By Maisie Sanders
Students in Pakistan have been protesting for the restoration of student unions, which have been banned since 1984.
On Friday 29 November there were protests in over 50 cities under the banner Student Solidarity March, with workers and trade unions joining the protests too.
They are also demanding free education and no fee hikes, the end of privatisation, the abolition of hostel curfews which are different for men and women, and the release of all student political prisoners, as well as other demands related to the right to political expression on campus and a more equal education system. Read all 14 demands here.
In Lahore, police have charged organisers and hundreds of participants in the demonstrations with sedition. Students at Punjab University protested outside their Vice Chancellor’s house after organiser Alamgir Wazir was arrested.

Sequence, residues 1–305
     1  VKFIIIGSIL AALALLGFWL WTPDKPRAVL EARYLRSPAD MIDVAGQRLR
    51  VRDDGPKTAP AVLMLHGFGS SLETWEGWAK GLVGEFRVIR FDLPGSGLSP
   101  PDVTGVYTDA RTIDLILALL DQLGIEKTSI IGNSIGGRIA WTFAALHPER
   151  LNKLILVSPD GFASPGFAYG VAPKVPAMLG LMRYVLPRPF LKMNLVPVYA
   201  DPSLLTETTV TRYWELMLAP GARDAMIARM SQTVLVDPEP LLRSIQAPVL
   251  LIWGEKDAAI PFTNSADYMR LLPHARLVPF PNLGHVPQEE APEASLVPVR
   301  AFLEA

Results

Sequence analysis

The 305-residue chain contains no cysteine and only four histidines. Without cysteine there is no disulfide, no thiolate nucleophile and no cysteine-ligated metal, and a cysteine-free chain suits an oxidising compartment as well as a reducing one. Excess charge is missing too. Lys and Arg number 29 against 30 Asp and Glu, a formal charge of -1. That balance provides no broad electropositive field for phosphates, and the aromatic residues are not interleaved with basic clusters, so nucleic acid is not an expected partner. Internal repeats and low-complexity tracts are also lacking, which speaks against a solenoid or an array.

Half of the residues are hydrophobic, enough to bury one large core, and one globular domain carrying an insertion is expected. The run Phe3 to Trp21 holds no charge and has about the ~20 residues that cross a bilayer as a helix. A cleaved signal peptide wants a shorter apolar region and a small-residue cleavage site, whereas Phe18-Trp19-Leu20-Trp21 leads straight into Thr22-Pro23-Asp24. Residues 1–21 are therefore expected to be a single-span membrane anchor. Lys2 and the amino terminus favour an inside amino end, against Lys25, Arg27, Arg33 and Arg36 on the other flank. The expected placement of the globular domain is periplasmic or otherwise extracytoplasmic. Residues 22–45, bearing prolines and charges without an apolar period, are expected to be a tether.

Presidents of Pakistan Societies at universities around the world have signed a petition in favour of student unions. They say: “the ban imposed on the operation of national
student unions in 1979, and reinstated in 1984, was draconian in nature and was imposed with the sole intent of quelling freedom of speech, the inherent right to politically assemble and critique the government of the day.”
“The ban on student unions has not only significantly restricted the ability of students to politically mobilise themselves and silenced their political voices, but also prevented students from campaigning on issues crucial to their well-being such as campus safety, fee hikes, accommodation security and many others.”
Prime Minister Imran Khan has said he supports student unions but only alongside a “comprehensive and enforceable code of conduct” so they can “play their part in positively grooming our youth as future leaders of the country”.